US20060178890A1 - Method for automating the implementation and updating of an information system - Google Patents

Method for automating the implementation and updating of an information system Download PDF

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US20060178890A1
US20060178890A1 US10547702 US54770205A US2006178890A1 US 20060178890 A1 US20060178890 A1 US 20060178890A1 US 10547702 US10547702 US 10547702 US 54770205 A US54770205 A US 54770205A US 2006178890 A1 US2006178890 A1 US 2006178890A1
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information system
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method according
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Paul Marechal
Emilie Wastyn
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Marechal Paul S
Wastyn Emilie M
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    • GPHYSICS
    • G06COMPUTING; CALCULATING; COUNTING
    • G06QDATA PROCESSING SYSTEMS OR METHODS, SPECIALLY ADAPTED FOR ADMINISTRATIVE, COMMERCIAL, FINANCIAL, MANAGERIAL, SUPERVISORY OR FORECASTING PURPOSES; SYSTEMS OR METHODS SPECIALLY ADAPTED FOR ADMINISTRATIVE, COMMERCIAL, FINANCIAL, MANAGERIAL, SUPERVISORY OR FORECASTING PURPOSES, NOT OTHERWISE PROVIDED FOR
    • G06Q10/00Administration; Management
    • G06Q10/10Office automation, e.g. computer aided management of electronic mail or groupware; Time management, e.g. calendars, reminders, meetings or time accounting
    • GPHYSICS
    • G06COMPUTING; CALCULATING; COUNTING
    • G06QDATA PROCESSING SYSTEMS OR METHODS, SPECIALLY ADAPTED FOR ADMINISTRATIVE, COMMERCIAL, FINANCIAL, MANAGERIAL, SUPERVISORY OR FORECASTING PURPOSES; SYSTEMS OR METHODS SPECIALLY ADAPTED FOR ADMINISTRATIVE, COMMERCIAL, FINANCIAL, MANAGERIAL, SUPERVISORY OR FORECASTING PURPOSES, NOT OTHERWISE PROVIDED FOR
    • G06Q20/00Payment architectures, schemes or protocols
    • G06Q20/08Payment architectures
    • G06Q20/10Payment architectures specially adapted for electronic funds transfer [EFT] systems; specially adapted for home banking systems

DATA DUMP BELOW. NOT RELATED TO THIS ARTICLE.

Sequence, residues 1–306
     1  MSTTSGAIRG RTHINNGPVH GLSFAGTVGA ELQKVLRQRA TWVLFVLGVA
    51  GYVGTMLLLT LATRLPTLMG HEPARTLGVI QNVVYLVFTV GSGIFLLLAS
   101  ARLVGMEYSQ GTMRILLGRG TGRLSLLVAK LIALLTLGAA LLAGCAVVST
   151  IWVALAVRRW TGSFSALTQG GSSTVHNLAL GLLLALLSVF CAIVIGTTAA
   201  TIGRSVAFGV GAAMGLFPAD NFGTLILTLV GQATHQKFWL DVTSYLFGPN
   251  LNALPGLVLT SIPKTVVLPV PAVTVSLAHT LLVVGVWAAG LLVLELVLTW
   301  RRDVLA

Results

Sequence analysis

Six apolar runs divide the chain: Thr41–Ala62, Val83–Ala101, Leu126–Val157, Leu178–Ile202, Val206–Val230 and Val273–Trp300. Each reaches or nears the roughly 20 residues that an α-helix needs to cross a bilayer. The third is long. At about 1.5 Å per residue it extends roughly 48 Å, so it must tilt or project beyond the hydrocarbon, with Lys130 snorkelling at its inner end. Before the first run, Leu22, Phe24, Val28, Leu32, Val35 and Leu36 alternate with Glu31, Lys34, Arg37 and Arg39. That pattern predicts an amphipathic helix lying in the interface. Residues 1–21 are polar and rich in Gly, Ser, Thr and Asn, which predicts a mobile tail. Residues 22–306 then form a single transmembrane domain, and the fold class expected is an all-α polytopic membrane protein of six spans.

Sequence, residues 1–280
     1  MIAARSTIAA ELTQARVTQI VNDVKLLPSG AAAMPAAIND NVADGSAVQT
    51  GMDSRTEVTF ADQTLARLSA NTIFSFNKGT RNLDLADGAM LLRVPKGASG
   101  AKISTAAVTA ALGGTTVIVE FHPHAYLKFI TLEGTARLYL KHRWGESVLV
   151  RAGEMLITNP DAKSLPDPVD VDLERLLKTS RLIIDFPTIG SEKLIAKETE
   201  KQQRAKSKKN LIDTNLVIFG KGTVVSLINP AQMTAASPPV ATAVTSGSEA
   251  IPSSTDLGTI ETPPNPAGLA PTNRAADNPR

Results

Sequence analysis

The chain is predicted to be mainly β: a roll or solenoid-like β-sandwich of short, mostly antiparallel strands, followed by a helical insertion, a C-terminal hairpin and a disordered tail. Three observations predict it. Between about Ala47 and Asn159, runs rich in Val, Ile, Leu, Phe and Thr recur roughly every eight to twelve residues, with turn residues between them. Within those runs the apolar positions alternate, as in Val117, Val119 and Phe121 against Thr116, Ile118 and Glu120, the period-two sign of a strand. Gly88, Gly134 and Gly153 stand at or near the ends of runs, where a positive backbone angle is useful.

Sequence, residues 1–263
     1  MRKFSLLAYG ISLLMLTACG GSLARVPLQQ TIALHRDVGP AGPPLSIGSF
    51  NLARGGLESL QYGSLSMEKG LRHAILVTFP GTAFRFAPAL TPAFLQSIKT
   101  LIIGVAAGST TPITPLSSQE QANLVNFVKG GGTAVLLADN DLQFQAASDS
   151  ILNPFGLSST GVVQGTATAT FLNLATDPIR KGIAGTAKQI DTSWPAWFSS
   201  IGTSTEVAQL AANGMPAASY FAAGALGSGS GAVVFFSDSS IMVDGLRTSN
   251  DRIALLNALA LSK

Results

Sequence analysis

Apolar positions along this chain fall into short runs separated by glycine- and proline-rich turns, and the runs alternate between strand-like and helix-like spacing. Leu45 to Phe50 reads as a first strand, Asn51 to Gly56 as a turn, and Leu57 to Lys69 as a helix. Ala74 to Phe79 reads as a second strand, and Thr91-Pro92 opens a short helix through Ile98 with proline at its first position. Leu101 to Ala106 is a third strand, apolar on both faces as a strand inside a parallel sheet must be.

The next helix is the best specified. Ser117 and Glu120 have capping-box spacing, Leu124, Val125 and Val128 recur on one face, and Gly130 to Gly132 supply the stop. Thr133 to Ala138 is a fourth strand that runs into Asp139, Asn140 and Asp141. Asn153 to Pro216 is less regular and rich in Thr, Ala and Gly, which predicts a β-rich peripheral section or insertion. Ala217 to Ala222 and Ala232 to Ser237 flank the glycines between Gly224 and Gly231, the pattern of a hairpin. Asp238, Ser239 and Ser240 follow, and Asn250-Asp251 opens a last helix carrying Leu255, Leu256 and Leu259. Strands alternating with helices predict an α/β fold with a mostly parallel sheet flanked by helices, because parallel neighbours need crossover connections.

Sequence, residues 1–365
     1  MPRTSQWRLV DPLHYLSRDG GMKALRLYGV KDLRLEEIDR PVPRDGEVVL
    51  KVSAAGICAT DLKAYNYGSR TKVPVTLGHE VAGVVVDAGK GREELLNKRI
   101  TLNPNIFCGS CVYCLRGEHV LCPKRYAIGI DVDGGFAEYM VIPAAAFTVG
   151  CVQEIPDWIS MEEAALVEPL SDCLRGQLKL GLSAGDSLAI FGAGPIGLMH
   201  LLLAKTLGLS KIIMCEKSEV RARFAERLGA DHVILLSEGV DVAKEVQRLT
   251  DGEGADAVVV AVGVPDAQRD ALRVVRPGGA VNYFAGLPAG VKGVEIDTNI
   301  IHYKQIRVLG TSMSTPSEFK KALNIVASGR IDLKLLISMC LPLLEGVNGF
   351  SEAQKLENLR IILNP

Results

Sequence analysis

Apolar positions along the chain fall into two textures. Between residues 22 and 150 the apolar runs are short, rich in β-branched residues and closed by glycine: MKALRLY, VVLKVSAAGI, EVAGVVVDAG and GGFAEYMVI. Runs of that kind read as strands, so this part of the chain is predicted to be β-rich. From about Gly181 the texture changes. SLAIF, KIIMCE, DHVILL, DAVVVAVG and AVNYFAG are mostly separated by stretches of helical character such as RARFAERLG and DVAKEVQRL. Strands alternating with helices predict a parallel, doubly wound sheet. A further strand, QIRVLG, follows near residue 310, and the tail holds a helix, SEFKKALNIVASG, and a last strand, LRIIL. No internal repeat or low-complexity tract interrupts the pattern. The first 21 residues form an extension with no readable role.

• G06Q20/108Remote banking, e.g. home banking

Abstract

The invention relates to a method of automating the implementation and updating of an information system. The inventive method comprises the following phases: an electronic specifications phase (Block 1) corresponding to a first status of a given version of the information system; a phase involving the automatic generation (Block 2) of the information system, corresponding to a second status of a given version of the information system; and an on-lining phase (Block 5) corresponding to a third status of a given version of the information system, said version being deployed using different execution channels. Moreover, if any change is made to the information system after the on-lining phase, the invention also comprises an adaptation phase (Block 7) consisting in returning to the electronic specifications phase. The aforementioned method automatically controls the statuses of the different versions of the information system in relation to one another. The invention is particularly suitable for managing a company's information flows.

Description

  • The present invention relates to a method for automating the implementation and updating of an information system. More particularly it is applied but not exclusively to the management of information flows of corporations.
  • Generally, the architecture of a corporate information system may comprise:
      • a business process management system called BPM hereafter,
      • an actual information system (IS),
      • a system for integrating corporate applications (enterprise application integration) called EAI hereafter,
      • a workflow engine.
  • The information system is the main system which stores the data of the corporation and represents its operation. Ideally, the information system should integrate the business processes (the activities) of the corporation in all its sectors or divisions (sales, customer services, accounting, human resources . . . ), it being understood that a sector or division may be characterized by a set of business processes.